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Beverly Hills, California, United States
Eli Kantor is a labor, employment and immigration law attorney. He has been practicing labor, employment and immigration law for more than 36 years. He has been featured in articles about labor, employment and immigration law in the L.A. Times, Business Week.com and Daily Variety. He is a regular columnist for the Daily Journal. Telephone (310)274-8216; eli@elikantorlaw.com. For more information, visit beverlyhillsimmigrationlaw.com and and beverlyhillsemploymentlaw.com


Thursday, February 26, 2015

Visiting Miami, Obama Presses Republicans on Homeland Security Funding

New York Times
By Julie Hirshfeld Davis
February 25, 2015

President Obama called on congressional Republicans on Wednesday to renew financing for the Department of Homeland Security and promised to veto any measure that tried to gut his executive actions on immigration.

“Instead of trying to hold hostage funding for the Department of Homeland Security, which is so important for our national security, fund that, and let’s get on with actually passing comprehensive immigration reform,” Mr. Obama told about 270 people at a town-hall-style meeting at Florida International University.

He was referring to Republican efforts to block his immigration plans while still financing most of the department. Their idea is to prevent any money, whether through the appropriations process or through fees collected from immigration applications, from being used for any of the president’s existing or future executive actions on immigration. Homeland Security financing will expire on Friday unless Congress passes, and Mr. Obama signs, a bill to continue providing it.

If Senator Mitch McConnell of Kentucky, the majority leader, and the House speaker, John A. Boehner of Ohio, “want to have a vote on whether what I’m doing is legal or not, they can have that vote,” Mr. Obama said. “I will veto that vote.”

The president’s directives, which would shield millions of undocumented immigrants from deportation and grant them work permits, are not only under fire in Congress. A Texas judge has also temporarily blocked them, and Mr. Obama used the meeting on Wednesday in a heavily Hispanic area of Miami to promote his policies and to take Republicans to task for opposing them.

“I’m using all of the legal power vested in me in order to solve this problem,” he said. “We’ve got some disagreements with some members of Congress and some members of the judiciary about what should be done, but what I’m confident about is, ultimately, this is going to get done.”

The meeting, broadcast on the Spanish-language network Telemundo, highlighted the anger Mr. Obama still faces among many Hispanics about his immigration record, including his failure to push through a broad overhaul while the Democrats held majorities in both houses of Congress during his first term.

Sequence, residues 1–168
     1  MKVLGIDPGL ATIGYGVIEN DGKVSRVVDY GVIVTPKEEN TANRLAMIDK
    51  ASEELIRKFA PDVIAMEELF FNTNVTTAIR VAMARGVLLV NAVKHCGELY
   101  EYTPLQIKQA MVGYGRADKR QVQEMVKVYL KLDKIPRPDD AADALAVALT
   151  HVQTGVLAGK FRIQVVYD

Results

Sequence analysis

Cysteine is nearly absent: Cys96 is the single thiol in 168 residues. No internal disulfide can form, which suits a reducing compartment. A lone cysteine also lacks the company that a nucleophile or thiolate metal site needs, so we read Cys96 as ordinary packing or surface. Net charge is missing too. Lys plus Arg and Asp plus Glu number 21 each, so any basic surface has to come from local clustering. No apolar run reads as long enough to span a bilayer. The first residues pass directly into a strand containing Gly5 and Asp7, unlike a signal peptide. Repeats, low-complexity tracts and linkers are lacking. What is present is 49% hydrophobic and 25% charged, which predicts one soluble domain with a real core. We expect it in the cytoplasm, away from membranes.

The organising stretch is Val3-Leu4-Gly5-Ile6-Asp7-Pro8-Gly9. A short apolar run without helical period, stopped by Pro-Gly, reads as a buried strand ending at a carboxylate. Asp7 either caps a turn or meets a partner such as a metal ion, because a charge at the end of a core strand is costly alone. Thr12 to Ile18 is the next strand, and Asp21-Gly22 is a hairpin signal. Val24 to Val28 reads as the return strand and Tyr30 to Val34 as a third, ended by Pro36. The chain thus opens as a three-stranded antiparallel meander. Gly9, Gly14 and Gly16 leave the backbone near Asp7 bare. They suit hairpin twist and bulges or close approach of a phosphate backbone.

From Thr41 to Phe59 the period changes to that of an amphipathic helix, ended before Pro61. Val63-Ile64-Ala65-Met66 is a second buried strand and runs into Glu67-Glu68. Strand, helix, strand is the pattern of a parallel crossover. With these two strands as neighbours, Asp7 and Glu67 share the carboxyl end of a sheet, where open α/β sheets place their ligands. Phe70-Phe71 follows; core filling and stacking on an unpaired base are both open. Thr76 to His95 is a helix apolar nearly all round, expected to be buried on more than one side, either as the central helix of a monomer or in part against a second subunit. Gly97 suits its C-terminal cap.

The president tangled at times with the moderator, José Díaz-Balart of MSNBC, who read a question from a participant charging that both parties had used the immigration issue for political gain.

“That’s just not true, the notion that Democrats and Republicans played political Ping-Pong,” Mr. Obama shot back.

“Democrats have consistently stood on the side of comprehensive immigration reform,” the president told Mr. Díaz-Balart. “You do a disservice when you suggest that, ‘Ah, nobody was focused on this.’ ”

“The blockage has been very specific on one side,” Mr. Obama added. “Let’s not be confused about why we don’t have comprehensive immigration reform right now. It’s very simple: The Republican speaker of the House, John Boehner, refused to call a bill.”

At another point, he interrupted Mr. Díaz-Balart, who had asserted that many Hispanic voters were skeptical that they could influence the political process.

“It’s not a game — wait, wait, wait, wait, wait,” Mr. Obama said. “Let me tell you something: This is not a game.”

He said voters must keep up the pressure on Congress and the Republicans who run for president in 2016 to back a more permanent measure that would give undocumented immigrants a pathway to legal status.

“When they start asking for votes, the first question should be, ‘Do you really intend to deport 11 million people?’ ” the president said. “ ‘And if not, what is your plan to make sure that they have the ability to have a legal status, stay with their families and, ultimately, contribute to the United States of America?’ ”

Mr. Obama said his administration was aggressively defending his executive actions in court. In the meantime, he said, immigrants who would qualify for deportation reprieves and work permits under those actions — including people brought to the United States as young children, and the parents of American citizens — should be confident that they will not be deported. He said he had ordered immigration and border officials to focus on criminals and recent immigrants in carrying out any deportations.

“Even with legal uncertainty,” Mr. Obama said, “they should be in a good place.”

His trip to Miami coincided with the first full week the Department of Homeland Security had been scheduled to begin carrying out part of the program.

The Texas court’s ruling blocked about 270,000 immigrants who came to the United States illegally as children from applying for the new protected status, a process that was to begin last week. After that decision, the White House announced that it was delaying a second program, scheduled to begin in May, that would offer about four million immigrants with children who are American citizens a reprieve from deportation and a chance to work.

The administration has filed for an emergency stay of the ruling to let the changes take effect.

For more information, go to:  www.beverlyhillsimmigrationlaw.com

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